More and more workers are getting placed in MCOs when their claim is accepted by the WC insurer. An MCO is essentially a medical network. The original idea was that they would make it easier for workers to find doctors willing to do WC. In practice, my suspicion is that many of us Claimant's Lawyers would agree that what we see as the downsides of MCOs outweigh the purported benefits. Unfortunately, MCOs are enshrined in the Statutes so they're here to stay...at least until the Legislature decides to change things.
The most important thing a works should know and do is to read the Notice of Acceptance packet carefully! If you're claim is in an MCO, you'll get a letter all about it. Sometimes it's packaged with the Notice of Acceptance, sometimes it's separate. Regardless, you gotta read it because you'll probably have to find a new "attending physician" quickly...someone who's on the MCOs "panel" or list of doctors.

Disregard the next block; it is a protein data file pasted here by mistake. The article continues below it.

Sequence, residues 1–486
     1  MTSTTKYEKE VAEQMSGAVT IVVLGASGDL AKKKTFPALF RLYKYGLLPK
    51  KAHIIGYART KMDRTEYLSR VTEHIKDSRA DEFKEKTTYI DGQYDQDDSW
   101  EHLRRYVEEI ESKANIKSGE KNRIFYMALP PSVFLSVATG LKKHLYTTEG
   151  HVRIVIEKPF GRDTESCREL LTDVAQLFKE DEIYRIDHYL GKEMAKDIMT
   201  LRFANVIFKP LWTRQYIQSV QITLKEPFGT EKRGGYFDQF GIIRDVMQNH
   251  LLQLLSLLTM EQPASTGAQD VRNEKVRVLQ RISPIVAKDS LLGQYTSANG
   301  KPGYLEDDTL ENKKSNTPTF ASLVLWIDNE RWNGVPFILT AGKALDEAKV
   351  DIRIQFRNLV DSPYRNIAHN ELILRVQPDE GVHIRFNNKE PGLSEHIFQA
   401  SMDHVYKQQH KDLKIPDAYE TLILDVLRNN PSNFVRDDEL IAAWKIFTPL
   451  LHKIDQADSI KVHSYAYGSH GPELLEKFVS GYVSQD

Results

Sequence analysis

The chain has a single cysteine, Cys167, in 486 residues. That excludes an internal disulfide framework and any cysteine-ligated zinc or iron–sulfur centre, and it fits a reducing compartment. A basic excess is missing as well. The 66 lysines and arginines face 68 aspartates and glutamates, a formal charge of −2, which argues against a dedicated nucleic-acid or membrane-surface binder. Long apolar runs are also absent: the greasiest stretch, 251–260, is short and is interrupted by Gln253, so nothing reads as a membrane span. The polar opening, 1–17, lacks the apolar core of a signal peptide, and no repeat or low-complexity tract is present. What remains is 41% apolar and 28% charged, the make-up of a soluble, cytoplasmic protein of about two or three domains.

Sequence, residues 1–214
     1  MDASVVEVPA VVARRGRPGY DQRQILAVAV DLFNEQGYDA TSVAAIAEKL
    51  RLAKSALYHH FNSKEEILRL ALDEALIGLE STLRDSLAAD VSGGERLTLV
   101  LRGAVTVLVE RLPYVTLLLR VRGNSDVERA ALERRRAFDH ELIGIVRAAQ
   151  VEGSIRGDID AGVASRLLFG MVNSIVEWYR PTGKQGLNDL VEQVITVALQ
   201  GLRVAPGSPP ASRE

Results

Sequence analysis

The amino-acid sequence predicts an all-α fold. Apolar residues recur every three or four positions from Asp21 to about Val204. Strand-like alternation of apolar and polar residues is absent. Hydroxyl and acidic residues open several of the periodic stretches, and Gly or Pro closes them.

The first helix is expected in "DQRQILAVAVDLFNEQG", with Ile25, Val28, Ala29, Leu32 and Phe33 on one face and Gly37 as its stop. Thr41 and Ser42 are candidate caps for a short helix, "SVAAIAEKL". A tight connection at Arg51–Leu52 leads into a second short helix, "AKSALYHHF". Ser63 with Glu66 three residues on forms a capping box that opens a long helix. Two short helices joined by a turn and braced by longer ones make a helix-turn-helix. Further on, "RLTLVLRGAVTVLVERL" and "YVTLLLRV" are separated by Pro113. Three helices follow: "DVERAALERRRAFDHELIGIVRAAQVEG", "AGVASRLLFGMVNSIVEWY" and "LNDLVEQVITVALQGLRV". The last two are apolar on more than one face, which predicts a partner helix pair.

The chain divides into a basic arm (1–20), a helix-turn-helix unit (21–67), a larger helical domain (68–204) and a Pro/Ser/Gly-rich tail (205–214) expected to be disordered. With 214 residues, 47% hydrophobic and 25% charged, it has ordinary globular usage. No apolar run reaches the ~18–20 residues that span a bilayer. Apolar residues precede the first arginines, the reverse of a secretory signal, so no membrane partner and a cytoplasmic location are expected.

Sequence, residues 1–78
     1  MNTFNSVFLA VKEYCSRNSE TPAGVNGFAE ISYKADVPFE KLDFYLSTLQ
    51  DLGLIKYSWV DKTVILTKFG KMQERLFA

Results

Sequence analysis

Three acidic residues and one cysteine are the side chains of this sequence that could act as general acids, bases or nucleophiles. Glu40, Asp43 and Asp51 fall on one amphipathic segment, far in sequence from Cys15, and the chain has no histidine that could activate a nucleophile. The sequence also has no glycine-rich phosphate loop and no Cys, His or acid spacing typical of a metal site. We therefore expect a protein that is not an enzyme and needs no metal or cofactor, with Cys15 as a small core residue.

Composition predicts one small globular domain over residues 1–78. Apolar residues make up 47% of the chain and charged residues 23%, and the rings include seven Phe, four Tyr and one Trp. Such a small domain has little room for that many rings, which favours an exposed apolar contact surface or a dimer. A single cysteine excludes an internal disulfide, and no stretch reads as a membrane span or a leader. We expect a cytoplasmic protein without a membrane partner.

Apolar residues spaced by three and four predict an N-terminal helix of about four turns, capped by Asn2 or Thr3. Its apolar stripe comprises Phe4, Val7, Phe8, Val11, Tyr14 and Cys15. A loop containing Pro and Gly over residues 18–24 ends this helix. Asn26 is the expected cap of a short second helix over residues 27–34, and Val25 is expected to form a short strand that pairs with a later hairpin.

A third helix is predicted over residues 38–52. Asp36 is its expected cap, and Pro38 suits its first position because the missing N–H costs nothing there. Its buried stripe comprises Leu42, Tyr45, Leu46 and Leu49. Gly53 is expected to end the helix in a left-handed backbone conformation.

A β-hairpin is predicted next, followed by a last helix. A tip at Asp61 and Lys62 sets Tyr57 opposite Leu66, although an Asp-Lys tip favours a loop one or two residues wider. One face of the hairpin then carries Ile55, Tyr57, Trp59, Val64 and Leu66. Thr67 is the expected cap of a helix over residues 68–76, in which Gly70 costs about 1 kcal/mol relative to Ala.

If you're represented by an attorney, call your lawyer because they might be able to recommend some doctors who are on the MCO Panel. However, if your MCO is, for example, Kaiser, you may end up "stuck" in the Kaiser system. Same with Providence, Legacy, etc.
Regardless of which MCO it is, read the papers carefully and be sure your doctors is in the network, or find a new doc who is in the network. Once your claim is accepted and in the MCO, only an MCO doctor can do some of the really important things...like authorize you to get paid lost wages if you're not able to work!